According to NAMI (National Alliance on Mental Illness):
Since 1990, mental health advocates across the country have joined together during the first week of October to celebrate Mental Illness Awareness Week (MIAW) and Bipolar Disorder Awareness Day.
In 1990, the U.S. Congress established the first week of October as Mental Illness Awareness Week (MIAW) in recognition of NAMI’s efforts to raise mental illness awareness. Bipolar Disorder Awareness Day (BDAD) is held each year on the Thursday of MIAW.
As part of Mental Illness Awareness Week 2008, the 5th annual National Day of Prayer will be observed on Tuesday, October 7, by communities and congregations across the country.
MIAW and BDAD are NAMI’s premiere public awareness and public education campaigns. They link the organization’s over 1,100 local affiliates across the country.
Because today is the National Day of Prayer for Mental Illness, I wanted to publish my dream, described in my post “I, Too, Have a Dream”:
I have a dream that one day I won’t hold my breath every time I tell a person that I suffer from bipolar disorder, that I won’t feel shameful in confessing my mental illness.
I have a dream that people won’t feel the need to applaud me for my courage on writing and speaking publicly about my disease, because the diagnosis of depression and bipolar disorder would be understood no differently than that of diabetes, arthritis, or dementia.
I have a dream that the research into genetics of mood disorders will continue to pinpoint specific genes that may predispose individuals and families to depression and bipolar disorder (like the gene G72/G30, located on chromosome 13q), just as specific genes associated with schizophrenia and obsessive-compulsive disorder have been located and identified.
I have a dream that brain-imaging technology will continue to advance in discovering what, exactly, is going on inside the brain, that a neurological perspective coupled with a biochemical approach to mental illness will develop targeted treatments: new medication and better response to particular medications–that we can cut out that painful trial-and-error process.
I have a dream depressives won’t have to risk their jobs in divulging their condition, that employers will respond more empathetically to the country’s 7.8 million working depressives, that the general public will be more educated on mental illness so that it doesn’t cost this country more than $44 billion each year (like it does now).
I have a dream that families, friends, and co-workers will show kindness to depressives, not reproach them for not being stronger, for not having enough will power and discipline and incentive to get well, for not snapping out of it, for not being grateful enough, for not seeing the cup half full, for not controlling their emotions.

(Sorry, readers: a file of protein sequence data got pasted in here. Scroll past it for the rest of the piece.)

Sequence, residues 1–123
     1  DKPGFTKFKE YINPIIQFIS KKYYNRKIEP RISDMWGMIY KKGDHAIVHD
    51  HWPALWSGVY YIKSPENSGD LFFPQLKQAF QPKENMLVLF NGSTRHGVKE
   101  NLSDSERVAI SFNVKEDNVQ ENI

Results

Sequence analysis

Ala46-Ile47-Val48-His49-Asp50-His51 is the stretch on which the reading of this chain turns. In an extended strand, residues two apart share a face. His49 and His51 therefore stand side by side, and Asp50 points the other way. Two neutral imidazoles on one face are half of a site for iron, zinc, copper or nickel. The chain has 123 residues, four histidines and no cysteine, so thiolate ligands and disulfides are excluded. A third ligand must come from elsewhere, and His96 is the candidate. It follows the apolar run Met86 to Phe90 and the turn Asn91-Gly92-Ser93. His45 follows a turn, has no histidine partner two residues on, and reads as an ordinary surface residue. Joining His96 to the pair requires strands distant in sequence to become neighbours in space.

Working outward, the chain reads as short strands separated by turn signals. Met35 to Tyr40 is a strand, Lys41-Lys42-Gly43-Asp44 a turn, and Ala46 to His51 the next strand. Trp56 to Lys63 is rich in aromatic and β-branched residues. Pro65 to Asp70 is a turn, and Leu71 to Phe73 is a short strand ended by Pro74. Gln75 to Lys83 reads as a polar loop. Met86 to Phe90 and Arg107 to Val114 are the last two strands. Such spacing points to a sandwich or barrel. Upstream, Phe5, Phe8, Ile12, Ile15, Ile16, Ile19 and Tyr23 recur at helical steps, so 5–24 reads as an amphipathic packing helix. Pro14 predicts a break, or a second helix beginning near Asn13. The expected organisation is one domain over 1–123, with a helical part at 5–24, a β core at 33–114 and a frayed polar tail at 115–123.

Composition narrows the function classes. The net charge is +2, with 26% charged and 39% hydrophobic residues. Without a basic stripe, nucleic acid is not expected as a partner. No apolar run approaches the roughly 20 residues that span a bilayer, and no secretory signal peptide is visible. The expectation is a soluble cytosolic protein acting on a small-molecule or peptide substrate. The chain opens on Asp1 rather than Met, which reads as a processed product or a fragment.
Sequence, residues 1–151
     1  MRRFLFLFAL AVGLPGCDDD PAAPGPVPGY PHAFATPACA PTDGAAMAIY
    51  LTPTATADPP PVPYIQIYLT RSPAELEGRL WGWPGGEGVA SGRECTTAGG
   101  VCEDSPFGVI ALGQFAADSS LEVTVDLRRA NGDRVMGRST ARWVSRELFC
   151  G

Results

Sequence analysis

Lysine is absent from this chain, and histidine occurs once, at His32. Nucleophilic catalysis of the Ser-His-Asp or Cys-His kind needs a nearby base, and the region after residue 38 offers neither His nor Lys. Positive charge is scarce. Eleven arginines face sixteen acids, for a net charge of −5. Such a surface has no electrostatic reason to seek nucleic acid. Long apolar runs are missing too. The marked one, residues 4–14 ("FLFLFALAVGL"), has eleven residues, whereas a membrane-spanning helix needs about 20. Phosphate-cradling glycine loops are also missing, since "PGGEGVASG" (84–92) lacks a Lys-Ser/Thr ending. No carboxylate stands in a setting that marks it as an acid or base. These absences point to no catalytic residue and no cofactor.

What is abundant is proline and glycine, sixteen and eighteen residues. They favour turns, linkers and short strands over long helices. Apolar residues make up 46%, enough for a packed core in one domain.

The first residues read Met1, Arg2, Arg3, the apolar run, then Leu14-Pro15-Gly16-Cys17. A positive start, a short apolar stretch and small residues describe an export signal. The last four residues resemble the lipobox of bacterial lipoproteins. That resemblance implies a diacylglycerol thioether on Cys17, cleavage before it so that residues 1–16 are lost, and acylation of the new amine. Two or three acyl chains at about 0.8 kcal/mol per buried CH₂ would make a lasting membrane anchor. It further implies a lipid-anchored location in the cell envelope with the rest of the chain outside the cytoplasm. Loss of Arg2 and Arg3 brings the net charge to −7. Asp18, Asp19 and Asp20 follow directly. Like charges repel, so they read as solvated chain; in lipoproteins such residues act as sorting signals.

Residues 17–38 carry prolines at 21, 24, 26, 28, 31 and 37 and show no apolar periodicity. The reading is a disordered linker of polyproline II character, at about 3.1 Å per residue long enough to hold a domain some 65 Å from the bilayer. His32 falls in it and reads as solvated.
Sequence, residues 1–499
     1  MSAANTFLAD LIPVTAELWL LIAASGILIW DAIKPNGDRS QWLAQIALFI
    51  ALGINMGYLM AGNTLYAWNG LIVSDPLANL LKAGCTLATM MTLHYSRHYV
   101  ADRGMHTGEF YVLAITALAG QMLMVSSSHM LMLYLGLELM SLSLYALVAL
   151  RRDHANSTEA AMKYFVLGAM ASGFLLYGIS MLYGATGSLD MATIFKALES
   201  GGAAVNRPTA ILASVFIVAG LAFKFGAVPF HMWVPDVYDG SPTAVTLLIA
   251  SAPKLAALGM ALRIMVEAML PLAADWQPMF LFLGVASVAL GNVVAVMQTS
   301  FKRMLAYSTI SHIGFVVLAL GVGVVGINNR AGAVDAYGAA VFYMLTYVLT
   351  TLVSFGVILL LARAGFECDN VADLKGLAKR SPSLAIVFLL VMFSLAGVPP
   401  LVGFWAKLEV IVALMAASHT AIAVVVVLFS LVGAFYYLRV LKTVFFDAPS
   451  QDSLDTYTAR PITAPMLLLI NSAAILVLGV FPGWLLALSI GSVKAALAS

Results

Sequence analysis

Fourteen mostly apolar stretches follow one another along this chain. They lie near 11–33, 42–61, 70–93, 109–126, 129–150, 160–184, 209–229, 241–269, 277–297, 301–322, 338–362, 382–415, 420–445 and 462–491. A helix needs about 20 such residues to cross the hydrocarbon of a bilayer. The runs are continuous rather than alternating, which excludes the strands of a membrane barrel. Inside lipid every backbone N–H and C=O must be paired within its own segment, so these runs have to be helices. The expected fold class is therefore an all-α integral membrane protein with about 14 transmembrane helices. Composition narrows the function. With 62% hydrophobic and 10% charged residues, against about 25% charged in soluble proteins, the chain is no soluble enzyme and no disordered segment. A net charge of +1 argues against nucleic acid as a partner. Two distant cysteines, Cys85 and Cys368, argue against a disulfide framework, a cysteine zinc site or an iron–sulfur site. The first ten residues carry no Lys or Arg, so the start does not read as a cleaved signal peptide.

I have a dream that tabloids like “In Touch Weekly” won’t lump allegations of Britney Spears’ taking antidepressants into the same category as her 24-hour marriage, all-night clubbing, and pantyless photos–that our world might be more sophisticated and informed than that.
I have a dream that people will no longer use the following terms to describe persons with mental illness: fruity, loony, wacky, nutty, cuckoo, loopy, crazy, wacko, gonzo, nutso, batty, bonkers, ditzy, bananas, and crazy.
I have a dream that spiritual leaders might preach compassion to persons with mental illness, not indict them for not praying hard enough, or in the right way, or often enough, and that judgmental new-age thinkers who blame all illness on blocked energy (in chakras one through seven) might be enlightened to understand that fish oil, mindfulness meditation, and acupuncture can’t cure everything.
I have a dream that health insurance companies will stop serving Satan, and read a medical report every now and then, where they would learn that depression is a legitimate, organic brain disease, and that those who suffer from it aren’t a bunch of weak, pathetic people who can’t cope with life’s hard knocks.
I dream that one day depression won’t destroy so many marriages and families, that better and faster treatment will work in favor of every form of intimacy.
I have a dream that suicide won’t take more lives than traffic accidents, lung disease, or AIDS, that together we can do better to reduce the 30,000 suicides that happen annually in the United States, and that communities will lovingly embrace those friends and families of persons who ran out of hope, instead of simply ignoring the tragedy or attaching fault where none should be.
I have a dream that one day depression, bipolar disorder, and all kinds of mental illness will lose their stigma, that I won’t have to whisper the word “Zoloft” to the pharmacist at Rite Aid, that people will be able to have loud conversations in coffee shops about how they treat their depression (in addition to the excellent dialogue we have here on “Beyond Blue”).
Mostly, I dream about a day when I can wake up and think about coffee first thing in the morning, rather than my mood–is it a serene one, a panicked one, or somewhere in between?–and fretting about whether or not I’m heading toward the black hole of despair. I dream that I’ll never ever have to go back to that harrowing and lonely place of a year ago. That no one else should have to either. But if they do (or if I do), that they not give up hope. Because eventually their tomorrow will be better than their today. And they will be able to dream again too.
Check out other articles and videos about bipolar disorder on Beliefnet’s Bipolar Resource page by clicking here.
To read more Beyond Blue, go to www.beliefnet.com/beyondblue, and to get to Group Beyond Blue, a support group at Beliefnet Community, click here.